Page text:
Study Reveals What The Cutoff Age Might Be For Quickly Learning New Languages

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Anyone who wants to learn a new language might have only up until their late teens to learn that language quickly. This was one of the key findings in a new study based on the results of grammar tests originally posted on Facebook.

In a study published in the journal Cognition and cited by BBC News, researchers analyzed the results of an online grammar test that was taken by close to 670,000 people. The participants came from different parts of the world and were of different ages at the time they took the test, which was posted on Facebook to encourage as many people as possible to take part. Aside from the actual test where they were asked to determine if a certain English sentence is grammatically correct, the participants were also given a questionnaire where they provided their age and asked questions such as how long they have been learning English, and if they moved to an English-speaking country from one where English isn’t the native language.

Based on the questionnaire results, the youngest participant was 10-years-old, while the oldest was in their late 70s, with most of the test takers in their 20s and 30s. About 37 percent of the participants said that they were native English speakers who had only spoken that language while growing up, while the remaining 63 percent or so spoke at least two languages.

Using computer modeling techniques to crunch the test results, the researchers determined that learning a new language is easiest in childhood. As further noted, this skill remains easy to pick up when one is in their teenage years, usually until the age of 17 or 18, but starts becoming difficult in adulthood. However, the researchers also acknowledged that it’s possible for people to learn new languages at a more advanced age, though they might only become “proficient, if not seamlessly fluent,” BBC News wrote.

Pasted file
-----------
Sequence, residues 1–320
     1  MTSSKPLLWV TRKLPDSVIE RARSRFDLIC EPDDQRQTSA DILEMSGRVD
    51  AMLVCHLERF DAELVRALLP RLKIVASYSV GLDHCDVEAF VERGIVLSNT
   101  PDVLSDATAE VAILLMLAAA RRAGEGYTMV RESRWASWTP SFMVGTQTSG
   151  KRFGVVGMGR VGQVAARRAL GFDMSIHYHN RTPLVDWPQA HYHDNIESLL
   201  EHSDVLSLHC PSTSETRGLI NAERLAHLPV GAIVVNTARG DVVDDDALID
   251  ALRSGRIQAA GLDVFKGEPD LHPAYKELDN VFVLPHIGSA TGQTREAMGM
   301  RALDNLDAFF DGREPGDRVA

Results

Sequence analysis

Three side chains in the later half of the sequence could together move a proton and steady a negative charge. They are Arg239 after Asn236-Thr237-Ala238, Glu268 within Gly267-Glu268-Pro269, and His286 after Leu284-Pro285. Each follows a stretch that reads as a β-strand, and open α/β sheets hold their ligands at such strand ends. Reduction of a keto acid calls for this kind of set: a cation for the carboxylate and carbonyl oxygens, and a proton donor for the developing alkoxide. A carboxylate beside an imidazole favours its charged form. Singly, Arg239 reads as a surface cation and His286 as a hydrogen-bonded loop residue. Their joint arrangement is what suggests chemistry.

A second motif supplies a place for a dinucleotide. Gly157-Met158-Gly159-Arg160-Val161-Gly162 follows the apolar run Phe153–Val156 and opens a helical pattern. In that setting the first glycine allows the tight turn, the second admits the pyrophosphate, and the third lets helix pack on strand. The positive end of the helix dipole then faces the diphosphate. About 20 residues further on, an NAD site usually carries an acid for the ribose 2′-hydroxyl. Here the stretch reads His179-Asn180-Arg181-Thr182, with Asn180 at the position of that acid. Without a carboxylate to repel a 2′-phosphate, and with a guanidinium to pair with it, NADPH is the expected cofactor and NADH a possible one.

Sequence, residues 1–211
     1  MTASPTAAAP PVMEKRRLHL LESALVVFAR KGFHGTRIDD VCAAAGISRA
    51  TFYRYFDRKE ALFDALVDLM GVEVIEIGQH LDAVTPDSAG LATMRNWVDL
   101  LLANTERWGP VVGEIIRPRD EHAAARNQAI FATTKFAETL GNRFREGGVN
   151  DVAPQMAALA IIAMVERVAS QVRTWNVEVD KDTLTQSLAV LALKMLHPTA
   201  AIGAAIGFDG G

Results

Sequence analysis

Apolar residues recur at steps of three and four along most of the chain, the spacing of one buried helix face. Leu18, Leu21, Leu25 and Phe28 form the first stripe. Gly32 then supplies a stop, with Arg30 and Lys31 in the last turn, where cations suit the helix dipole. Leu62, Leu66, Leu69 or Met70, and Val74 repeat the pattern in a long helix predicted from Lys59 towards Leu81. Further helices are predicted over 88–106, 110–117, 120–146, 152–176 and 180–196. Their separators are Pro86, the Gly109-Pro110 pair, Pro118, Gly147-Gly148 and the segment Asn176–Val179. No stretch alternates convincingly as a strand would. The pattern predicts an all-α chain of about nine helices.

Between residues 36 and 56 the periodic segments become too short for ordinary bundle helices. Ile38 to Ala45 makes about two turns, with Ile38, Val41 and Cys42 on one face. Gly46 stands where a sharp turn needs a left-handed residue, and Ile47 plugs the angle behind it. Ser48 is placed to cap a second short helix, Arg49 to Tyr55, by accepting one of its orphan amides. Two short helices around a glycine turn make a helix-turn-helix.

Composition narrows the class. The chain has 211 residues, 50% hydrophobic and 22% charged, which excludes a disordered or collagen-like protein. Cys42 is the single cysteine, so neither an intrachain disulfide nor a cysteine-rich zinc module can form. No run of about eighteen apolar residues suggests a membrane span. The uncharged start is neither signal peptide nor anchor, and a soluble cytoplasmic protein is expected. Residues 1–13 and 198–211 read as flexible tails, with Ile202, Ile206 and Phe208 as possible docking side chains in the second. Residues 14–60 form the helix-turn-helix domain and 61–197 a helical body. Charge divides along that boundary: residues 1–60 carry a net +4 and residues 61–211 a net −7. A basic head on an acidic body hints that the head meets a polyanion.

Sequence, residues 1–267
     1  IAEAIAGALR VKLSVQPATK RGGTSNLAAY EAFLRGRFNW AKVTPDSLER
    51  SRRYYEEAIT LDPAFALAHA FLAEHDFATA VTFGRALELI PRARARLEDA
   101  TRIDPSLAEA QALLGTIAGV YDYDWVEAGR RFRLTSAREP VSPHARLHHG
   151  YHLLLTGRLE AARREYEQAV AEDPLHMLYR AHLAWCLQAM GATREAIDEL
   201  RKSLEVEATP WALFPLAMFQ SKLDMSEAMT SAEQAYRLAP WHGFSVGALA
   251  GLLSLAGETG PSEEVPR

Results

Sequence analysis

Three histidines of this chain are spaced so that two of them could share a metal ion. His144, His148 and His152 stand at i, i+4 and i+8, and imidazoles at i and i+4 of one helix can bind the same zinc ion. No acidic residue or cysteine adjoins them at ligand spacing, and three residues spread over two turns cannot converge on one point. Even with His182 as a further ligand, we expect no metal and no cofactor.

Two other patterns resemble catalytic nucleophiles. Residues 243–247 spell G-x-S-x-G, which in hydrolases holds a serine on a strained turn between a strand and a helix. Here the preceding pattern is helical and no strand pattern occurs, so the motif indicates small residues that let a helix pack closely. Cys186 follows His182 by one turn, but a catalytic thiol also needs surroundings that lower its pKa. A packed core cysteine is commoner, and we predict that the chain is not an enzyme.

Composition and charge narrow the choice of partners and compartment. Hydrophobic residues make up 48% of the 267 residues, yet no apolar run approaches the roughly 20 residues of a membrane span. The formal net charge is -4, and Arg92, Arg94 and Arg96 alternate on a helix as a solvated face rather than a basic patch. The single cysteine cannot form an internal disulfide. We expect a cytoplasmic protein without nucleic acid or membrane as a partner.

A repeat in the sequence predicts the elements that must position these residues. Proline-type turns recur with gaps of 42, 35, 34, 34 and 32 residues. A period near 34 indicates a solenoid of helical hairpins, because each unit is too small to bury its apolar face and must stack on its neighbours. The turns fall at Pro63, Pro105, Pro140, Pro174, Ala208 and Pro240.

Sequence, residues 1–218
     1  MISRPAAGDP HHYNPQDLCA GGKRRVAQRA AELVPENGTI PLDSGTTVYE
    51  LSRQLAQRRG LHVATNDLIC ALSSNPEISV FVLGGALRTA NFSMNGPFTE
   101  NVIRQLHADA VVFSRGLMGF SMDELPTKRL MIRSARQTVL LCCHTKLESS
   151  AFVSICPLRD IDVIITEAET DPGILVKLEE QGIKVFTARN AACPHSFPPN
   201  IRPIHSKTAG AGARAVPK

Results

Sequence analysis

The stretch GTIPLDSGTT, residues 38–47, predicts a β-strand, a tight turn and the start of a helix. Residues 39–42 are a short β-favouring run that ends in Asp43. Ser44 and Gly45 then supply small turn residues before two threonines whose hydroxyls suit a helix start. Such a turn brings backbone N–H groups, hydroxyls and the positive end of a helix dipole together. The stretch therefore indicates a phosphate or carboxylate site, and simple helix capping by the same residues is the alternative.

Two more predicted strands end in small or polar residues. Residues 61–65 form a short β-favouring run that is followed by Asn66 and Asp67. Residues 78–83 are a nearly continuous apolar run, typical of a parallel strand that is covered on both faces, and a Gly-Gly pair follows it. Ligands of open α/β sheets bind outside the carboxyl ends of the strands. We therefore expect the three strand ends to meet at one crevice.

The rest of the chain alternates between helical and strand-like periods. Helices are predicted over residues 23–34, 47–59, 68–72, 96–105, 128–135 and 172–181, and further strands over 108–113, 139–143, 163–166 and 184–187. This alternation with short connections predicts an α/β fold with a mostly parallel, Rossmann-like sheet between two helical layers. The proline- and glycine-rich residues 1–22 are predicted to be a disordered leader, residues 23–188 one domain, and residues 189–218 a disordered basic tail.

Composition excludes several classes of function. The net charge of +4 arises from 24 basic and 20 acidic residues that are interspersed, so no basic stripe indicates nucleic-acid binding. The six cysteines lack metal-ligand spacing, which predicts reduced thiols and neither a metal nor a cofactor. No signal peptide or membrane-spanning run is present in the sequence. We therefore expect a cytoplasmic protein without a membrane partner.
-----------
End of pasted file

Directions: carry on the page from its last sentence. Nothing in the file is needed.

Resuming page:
Separately, the Daily Mail added that the timeframe in a person’s childhood where it is easy to learn new languages is known as the “critical period,” where people take advantage of their brain being more elastic and flexible at that age by absorbing large amounts of information and being able to determine the rules and mechanics of a new language’s grammar.

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In a statement, study co-author and Massachusetts Institute of Technology professor of brain and cognitive sciences Josh Tenenbaum said that it’s not clear why people start having a hard time learning new languages once they reach their late teens, though this might be because of biological, cultural, and social changes.

“There’s roughly a period of being a minor that goes up to about age 17 or 18 in many societies. After that, you leave your home, maybe you work full time, or you become a specialized university student. All of those might impact your learning rate for any language.”

Although the study backed up previous research that also suggested people start having a hard time learning a new language during their late teens or early adulthood, some experts offered critical comments about the new research. BBC News quoted the University of York’s Dr. Danijela Trenkic, who said that the study only focused on grammar, but not on language’s other aspects, as people can still be “excellent communicators” despite grammatical imperfections. Trenkic’s remarks were backed up her University of York colleague professor Marilyn Vihman, who said that it’s “questionable” to say that people can only become proficient native speakers of a language in childhood.

“I don’t think there is a critical age as such, just a plateau that sets in after the teen years for most but not all speakers,” said Vihman.